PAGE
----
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Turn Right At Machu Picchu

3.76 of 5 stars 3.76  ·  rating details  ·  6,981 ratings  ·  901 reviews
A re-creation of Hiram Bingham III's discovery of the ancient citadel of Machu Picchu, in the Andes Mountains of Peru. Describes Bingham's struggles with rudimentary survival tools and his experiences at the sides of local guides.
333 pages
Published by Penguin Group (first published January 1st 2011)
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I really enjoyed this book. And now I want to go to Machu Picchu.
You can definitely tell this was written by a journalist, but Mark Adams had fun writing this book.
As with many adventure travel stories, you can feel yourself going along for every step of the journey. Adam's writing makes you sympathise. You can feel every bead of sweat, every ache of sunburn, you can taste the coca and you know exactly how it feels to get blistered toes because you forgot the rule of mountaineering: Always wea
What a fun filled, laugh out loud romp through history as travel writer mark Adams follows the footsteps of the so called discoverer of Machu Picchu. Mark Adams quits his day job, hires some very interesting, characters and sets out to hike to Machu Picchu. His travel guide is an Australian survivalist, Jon, who very much resembles Crocodile Dundee. A very scrappy interesting man who I would love to see write his own book on his life time of adventures in places people would only dream of ever s ...more
I greatly enjoyed this well-written travel adventure by Mark Adams. A New York resident, Adams worked for many years in travel publishing, and his writing style reflects his journalistic skills. Turn Right at Machu Picchu is a warm-hearted, funny and entertaining account of Adams' journeys in a remote part of Peru to retrace the steps of Hiram Bingham III, the 'discoverer' of the Inca ruins at Machu Picchu. It is also an affectionate portrait of a remarkable man, John Leivers, the Australian ex- ...more
Gerry Claes
For most of my life I have been fascinated with Machu Picchu and have always had a desire to hike to this famous lost city of the Inca's. My daughter who is 33 years younger than me hiked to Machu Picchu a few years ago and the two of us have a competitive history of visiting the most locations. I have her beat in states (48 to 46) but she left me in the dust a number of years ago in number of foreign countries visited. I decided to read this book to live my daughter's hike vicariously and perha ...more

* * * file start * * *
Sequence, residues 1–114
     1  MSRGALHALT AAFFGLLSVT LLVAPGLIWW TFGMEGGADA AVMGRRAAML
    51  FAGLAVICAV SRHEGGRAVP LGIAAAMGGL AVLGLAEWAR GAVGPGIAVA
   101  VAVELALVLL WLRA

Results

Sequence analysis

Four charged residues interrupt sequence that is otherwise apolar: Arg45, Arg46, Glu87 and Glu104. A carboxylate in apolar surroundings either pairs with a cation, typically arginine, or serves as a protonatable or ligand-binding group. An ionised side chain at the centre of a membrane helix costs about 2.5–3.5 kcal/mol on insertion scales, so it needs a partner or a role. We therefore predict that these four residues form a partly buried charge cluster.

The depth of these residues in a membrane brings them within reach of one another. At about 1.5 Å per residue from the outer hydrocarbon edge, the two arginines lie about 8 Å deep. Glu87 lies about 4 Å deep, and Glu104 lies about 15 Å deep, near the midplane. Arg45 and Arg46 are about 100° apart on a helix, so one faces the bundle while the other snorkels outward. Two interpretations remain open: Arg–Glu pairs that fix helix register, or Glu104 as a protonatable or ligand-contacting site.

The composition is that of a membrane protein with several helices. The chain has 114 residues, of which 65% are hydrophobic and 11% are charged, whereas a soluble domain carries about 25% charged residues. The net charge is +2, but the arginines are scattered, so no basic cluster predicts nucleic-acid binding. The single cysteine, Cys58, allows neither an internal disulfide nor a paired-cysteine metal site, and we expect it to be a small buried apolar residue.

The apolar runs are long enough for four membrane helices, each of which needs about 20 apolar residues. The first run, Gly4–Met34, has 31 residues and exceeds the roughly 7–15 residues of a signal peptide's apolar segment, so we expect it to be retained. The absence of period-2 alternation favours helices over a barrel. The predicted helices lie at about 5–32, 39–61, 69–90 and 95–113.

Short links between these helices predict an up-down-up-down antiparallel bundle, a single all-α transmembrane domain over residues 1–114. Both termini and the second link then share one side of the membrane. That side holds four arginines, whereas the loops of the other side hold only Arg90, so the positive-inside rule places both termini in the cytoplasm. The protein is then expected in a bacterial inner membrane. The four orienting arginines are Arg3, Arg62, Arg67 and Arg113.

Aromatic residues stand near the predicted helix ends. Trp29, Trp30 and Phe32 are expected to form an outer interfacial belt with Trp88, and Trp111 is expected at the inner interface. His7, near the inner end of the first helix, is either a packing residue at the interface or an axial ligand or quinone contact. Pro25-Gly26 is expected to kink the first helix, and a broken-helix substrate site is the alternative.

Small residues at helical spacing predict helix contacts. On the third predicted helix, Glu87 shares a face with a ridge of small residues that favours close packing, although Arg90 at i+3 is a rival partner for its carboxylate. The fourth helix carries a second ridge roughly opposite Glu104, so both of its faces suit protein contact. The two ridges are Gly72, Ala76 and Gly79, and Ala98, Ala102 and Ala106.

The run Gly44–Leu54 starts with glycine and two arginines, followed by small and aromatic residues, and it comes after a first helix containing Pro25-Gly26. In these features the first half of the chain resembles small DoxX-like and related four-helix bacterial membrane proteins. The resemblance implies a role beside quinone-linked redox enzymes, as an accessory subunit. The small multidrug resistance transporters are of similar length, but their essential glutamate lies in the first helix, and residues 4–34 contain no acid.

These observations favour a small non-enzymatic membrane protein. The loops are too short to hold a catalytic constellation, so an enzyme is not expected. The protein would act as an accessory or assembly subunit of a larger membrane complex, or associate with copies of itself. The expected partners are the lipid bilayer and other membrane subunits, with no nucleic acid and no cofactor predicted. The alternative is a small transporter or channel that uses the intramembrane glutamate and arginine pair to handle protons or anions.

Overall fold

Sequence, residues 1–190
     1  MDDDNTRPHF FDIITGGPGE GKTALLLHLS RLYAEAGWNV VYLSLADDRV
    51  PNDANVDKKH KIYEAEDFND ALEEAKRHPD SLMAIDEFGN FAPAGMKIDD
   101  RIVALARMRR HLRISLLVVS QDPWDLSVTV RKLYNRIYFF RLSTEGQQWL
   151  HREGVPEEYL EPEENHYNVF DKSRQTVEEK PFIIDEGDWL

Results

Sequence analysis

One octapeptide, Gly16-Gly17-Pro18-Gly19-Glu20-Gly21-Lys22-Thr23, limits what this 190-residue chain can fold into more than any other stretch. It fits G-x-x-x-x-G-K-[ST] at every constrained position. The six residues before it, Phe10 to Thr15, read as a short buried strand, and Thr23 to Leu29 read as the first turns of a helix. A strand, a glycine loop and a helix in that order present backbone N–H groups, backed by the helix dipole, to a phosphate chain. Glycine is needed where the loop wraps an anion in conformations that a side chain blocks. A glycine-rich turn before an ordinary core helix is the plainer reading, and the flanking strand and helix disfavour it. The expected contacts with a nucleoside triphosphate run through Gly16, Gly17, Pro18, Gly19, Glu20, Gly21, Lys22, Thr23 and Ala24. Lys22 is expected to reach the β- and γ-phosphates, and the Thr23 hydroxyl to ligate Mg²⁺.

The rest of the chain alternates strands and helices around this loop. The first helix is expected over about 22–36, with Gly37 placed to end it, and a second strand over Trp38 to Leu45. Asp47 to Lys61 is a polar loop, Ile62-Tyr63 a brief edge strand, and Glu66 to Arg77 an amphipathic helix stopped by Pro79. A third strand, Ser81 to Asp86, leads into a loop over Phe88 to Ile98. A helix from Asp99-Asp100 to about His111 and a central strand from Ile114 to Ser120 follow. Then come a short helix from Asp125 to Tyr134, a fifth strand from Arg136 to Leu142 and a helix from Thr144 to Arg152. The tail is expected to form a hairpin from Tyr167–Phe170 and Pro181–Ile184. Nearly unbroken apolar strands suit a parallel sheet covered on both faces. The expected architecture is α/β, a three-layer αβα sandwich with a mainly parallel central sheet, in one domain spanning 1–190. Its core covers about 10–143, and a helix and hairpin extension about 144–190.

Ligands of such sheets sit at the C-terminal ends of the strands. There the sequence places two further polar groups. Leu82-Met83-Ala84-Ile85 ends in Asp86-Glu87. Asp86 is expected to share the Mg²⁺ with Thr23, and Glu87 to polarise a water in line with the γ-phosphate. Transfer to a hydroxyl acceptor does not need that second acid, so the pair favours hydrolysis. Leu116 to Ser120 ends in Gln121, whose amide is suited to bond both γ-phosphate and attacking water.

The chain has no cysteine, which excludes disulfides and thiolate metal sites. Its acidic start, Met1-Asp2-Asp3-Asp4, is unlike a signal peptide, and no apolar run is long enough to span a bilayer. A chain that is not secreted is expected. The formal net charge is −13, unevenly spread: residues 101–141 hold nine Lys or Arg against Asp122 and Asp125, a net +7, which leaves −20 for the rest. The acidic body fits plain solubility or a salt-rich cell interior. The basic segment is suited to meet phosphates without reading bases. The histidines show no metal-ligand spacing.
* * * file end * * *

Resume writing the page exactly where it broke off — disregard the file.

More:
At the suggestion of a friend who said she "was LOLing" while reading this book and praised it as being written in the manner of Bill Bryon's A Walk in the Woods, I decided to be an armchair traveller to Machu Picchu. Adams does have the same self deprecating style as Bryson; he's an ah shucks writer about his own lack of skill, but let's face it - he made it to all the sites supposedly discovered by Hiram Bingham whose travels of 1911 he decided to follow. Along for the trek and leading the way ...more
In Turn Right at Machu Picchu Mark Adams interweaves his own adventure treks to important Inca sites in and around Machu Picchu - under the expert guidance of Australian John Leivers (and, on the Incan Trial, Ephrain Valles) - with Hiram Bingham’s Peruvian expeditions and controversial discovery of Machu Picchu as well as with the history of the Incas both before and after the Spanish invasion.

With a light, and often humorous touch, Adams covers over 500 years of Incan history, major Inca sites
Most travel books tend to be rather mediocre: There is no sense of wonder, no reason why anyone would envy the traveler and dream of following in his footsteps. Turn Right at Machu Picchu: Rediscovering the Lost City One Step at a Time is a welcome exception to that sad rule. The author, Mark Adams, spent much of his life writing for outdoor magazines, but never had caught the travel bug himself ... until he decided to visit in person and on foot the Inca cities clustered north of Cuzco.